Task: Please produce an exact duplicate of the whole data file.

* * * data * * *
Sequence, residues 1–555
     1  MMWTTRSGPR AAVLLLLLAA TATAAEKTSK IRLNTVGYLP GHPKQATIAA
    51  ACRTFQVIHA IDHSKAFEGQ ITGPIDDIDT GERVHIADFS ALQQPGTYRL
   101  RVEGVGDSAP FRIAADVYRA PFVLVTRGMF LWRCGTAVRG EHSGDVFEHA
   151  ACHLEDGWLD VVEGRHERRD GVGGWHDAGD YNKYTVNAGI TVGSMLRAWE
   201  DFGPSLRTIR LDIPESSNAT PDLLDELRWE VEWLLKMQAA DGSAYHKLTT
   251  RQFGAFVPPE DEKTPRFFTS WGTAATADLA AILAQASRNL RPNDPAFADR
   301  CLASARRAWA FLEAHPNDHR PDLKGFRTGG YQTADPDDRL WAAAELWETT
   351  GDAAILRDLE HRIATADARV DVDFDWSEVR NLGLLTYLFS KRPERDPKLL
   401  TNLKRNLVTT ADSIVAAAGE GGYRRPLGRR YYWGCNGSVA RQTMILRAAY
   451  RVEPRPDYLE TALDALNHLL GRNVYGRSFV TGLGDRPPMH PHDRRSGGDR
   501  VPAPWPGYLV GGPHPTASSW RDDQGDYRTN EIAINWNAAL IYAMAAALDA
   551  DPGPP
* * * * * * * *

Sequence, residues 1–555
     1  MMWTTRSGPR AAVLLLLLAA TATAAEKTSK IRLNTVGYLP GHPKQATIAA
    51  ACRTFQVIHA IDHSKAFEGQ ITGPIDDIDT GERVHIADFS ALQQPGTYRL
   101  RVEGVGDSAP FRIAADVYRA PFVLVTRGMF LWRCGTAVRG EHSGDVFEHA
   151  ACHLEDGWLD VVEGRHERRD GVGGWHDAGD YNKYTVNAGI TVGSMLRAWE
   201  DFGPSLRTIR LDIPESSNAT PDLLDELRWE VEWLLKMQAA DGSAYHKLTT
   251  RQFGAFVPPE DEKTPRFFTS WGTAATADLA AILAQASRNL RPNDPAFADR
   301  CLASARRAWA FLEAHPNDHR PDLKGFRTGG YQTADPDDRL WAAAELWETT
   351  GDAAILRDLE HRIATADARV DVDFDWSEVR NLGLLTYLFS KRPERDPKLL
   401  TNLKRNLVTT ADSIVAAAGE GGYRRPLGRR YYWGCNGSVA RQTMILRAAY
   451  RVEPRPDYLE TALDALNHLL GRNVYGRSFV TGLGDRPPMH PHDRRSGGDR
   501  VPAPWPGYLV GGPHPTASSW RDDQGDYRTN EIAINWNAAL IYAMAAALDA
   551  DPGPP